Seamus Heaney, the Nobel Prize in Literature award-winning poet, has died aged 74 after a short illness. "The death has taken place of Seamus Heaney. The poet and Nobel Laureate died in hospital in Dublin this morning after a short illness. The family has requested privacy at this time." a statement on behalf of the family said, via Sky News.
The Brilliant Heaney Will Be Greatly Missed.
The Co. Derry-born poet's distinctive writing style with quiet exaltations of the everyday and potent visual imagery employed through the descriptive passages of his verse helped foster a league of fans, as well as a Nobel Prize for literature, especially in his poignant reflection of Ireland's troubles. For generations of younger Britons, Nobel Laureate Heaney will have been one of the poets encountered through the GCSE English anthology who brought the themes in poems such as 'The Death of a Naturalist' to the attention of classroom discussions.
Ireland has emitted an outpouring of tributes since the news of Mr. Heaney's passing with Northern Ireland's Deputy First Minister Martin McGuinness saying he is shocked and saddened by the death of the poet. Mr. McGuinness tweeted: "Very shocked and deeply saddened to hear that Seamus Heaney, Derry man, poet and Nobel Laureate has died. My thoughts & prayers with Marie and family."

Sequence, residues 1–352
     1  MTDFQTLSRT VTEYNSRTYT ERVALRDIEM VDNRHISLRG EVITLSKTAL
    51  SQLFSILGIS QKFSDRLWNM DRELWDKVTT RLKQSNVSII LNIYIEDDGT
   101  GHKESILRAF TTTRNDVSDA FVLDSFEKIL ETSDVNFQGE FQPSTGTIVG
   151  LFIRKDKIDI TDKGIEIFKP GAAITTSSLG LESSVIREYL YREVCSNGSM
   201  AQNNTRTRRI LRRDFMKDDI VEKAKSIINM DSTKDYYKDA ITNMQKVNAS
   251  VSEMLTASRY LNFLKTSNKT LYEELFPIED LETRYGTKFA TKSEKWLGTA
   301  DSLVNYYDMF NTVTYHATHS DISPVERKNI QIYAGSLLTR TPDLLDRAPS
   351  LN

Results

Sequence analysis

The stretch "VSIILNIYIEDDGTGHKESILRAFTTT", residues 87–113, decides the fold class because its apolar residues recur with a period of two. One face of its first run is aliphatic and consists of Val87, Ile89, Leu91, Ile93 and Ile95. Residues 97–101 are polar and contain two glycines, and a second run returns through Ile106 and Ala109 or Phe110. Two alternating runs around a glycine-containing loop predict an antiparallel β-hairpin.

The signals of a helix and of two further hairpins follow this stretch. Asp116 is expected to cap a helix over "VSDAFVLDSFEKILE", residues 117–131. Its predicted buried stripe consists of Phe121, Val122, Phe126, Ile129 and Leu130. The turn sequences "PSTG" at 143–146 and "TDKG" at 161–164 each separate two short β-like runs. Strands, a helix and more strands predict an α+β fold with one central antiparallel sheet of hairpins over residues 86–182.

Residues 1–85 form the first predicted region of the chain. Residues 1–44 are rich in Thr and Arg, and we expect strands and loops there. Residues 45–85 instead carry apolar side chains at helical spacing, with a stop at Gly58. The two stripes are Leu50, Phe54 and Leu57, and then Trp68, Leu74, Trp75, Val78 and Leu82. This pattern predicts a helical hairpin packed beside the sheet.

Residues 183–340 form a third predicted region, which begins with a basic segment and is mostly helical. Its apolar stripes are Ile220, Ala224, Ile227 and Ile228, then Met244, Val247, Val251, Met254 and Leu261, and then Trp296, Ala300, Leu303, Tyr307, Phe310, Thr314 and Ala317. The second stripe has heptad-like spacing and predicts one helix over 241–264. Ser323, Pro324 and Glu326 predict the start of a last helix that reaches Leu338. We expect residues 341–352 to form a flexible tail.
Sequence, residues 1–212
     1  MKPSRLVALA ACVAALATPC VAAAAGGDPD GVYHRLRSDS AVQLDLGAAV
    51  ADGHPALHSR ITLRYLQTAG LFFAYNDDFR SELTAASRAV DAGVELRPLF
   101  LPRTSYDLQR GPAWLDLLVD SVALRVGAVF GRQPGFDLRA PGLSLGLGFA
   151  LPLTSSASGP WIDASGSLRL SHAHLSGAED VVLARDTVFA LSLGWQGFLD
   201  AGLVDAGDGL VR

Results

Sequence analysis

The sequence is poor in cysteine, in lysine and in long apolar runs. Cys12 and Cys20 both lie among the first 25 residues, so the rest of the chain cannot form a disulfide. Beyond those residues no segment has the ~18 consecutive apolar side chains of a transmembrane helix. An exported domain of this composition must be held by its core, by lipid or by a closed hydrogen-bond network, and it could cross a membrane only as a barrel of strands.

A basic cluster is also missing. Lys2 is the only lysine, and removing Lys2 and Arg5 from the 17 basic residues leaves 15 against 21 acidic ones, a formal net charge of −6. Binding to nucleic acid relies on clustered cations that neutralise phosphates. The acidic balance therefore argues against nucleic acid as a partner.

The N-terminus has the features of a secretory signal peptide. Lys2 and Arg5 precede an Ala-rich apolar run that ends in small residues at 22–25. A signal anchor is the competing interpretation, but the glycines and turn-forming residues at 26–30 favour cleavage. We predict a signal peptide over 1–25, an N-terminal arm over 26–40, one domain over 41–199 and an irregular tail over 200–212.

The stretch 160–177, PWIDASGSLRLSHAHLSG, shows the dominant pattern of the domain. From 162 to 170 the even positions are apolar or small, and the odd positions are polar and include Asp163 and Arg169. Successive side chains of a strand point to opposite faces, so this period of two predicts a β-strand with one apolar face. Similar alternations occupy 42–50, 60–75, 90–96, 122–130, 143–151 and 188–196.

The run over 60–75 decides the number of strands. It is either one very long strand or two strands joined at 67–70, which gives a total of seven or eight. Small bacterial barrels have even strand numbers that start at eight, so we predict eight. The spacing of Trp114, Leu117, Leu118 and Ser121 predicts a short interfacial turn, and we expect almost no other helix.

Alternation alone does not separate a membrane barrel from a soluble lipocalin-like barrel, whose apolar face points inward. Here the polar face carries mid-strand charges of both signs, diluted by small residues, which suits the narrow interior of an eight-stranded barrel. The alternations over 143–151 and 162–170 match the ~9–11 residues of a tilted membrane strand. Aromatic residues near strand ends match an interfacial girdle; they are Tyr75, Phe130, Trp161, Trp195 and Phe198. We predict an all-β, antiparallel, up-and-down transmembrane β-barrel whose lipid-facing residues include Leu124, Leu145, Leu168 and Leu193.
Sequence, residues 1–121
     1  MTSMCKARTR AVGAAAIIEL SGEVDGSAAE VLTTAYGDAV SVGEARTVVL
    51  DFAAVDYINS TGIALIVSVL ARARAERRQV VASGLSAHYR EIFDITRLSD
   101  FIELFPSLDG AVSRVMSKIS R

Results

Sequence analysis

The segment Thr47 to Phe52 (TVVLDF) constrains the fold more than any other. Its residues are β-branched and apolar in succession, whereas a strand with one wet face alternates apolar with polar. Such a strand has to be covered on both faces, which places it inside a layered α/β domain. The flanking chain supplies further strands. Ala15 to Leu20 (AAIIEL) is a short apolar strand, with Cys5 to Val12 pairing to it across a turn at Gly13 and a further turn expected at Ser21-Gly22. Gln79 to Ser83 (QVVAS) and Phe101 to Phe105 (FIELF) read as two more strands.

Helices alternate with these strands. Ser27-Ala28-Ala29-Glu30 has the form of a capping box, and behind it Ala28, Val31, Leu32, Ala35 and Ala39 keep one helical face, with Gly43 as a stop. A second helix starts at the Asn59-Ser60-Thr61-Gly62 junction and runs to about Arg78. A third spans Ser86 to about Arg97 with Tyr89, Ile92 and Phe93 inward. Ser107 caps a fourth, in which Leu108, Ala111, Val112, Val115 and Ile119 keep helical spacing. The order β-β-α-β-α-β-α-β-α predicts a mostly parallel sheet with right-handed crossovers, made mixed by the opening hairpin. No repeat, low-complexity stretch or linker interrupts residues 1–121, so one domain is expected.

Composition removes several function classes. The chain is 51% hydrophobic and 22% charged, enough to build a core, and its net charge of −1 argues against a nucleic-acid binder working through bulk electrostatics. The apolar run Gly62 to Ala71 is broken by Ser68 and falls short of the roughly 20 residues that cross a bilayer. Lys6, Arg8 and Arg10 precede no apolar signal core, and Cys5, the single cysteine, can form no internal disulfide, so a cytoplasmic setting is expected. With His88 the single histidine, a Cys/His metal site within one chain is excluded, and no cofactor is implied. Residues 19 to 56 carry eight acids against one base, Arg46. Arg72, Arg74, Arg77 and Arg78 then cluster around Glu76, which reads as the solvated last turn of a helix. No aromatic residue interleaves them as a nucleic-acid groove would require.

Hollywood actor Liam Neeson, born in Co. Antrim, has also expressed his heartache at the death of his country's preeminent poet. "With Seamus Heaney's passing, Ireland, and Northern Ireland especially, has lost a part of its artistic soul," he said to BBC News. He added: "He crafted, through his poetry, who we are as a species and the living soil that we toiled in. By doing so, he defined our place in the universe. May he rest in peace."
One of nine children, Heaney was born into a farming family yet studies English Language and Literature at Queen's University in Belfast. He was inspired to turn his attention to poetry after reading Ted Hughes' work and began to publish his own poems from 1962. He has worked at a lecturer at universities throughout America and Britain, including Harvard, Berkeley, and Oxford universities.
Heaney's Remarkable Body Of Work Was Reflected In His Accolades.
His first major volume, Death of a Naturalist, was published in 1966 and went to garner much critical acclaim. Heaney won the coveted Nobel Prize in Literature in 1995 and as an honorary fellow at Trinity College Dublisn he was last year bestowed with the Seamus Heaney Professorship in Irish Writing, which he described as a "great honour."
Northern Ireland Secretary Theresa Villiers said: "Seamus was undoubtedly one of the greatest literary voices the island of Ireland has ever produced and a great ambassador for Northern Ireland.
"It is some consolation that his spirit will live on through his legacy of work and that future generations will continue to be inspired by his distinctive poetic voice."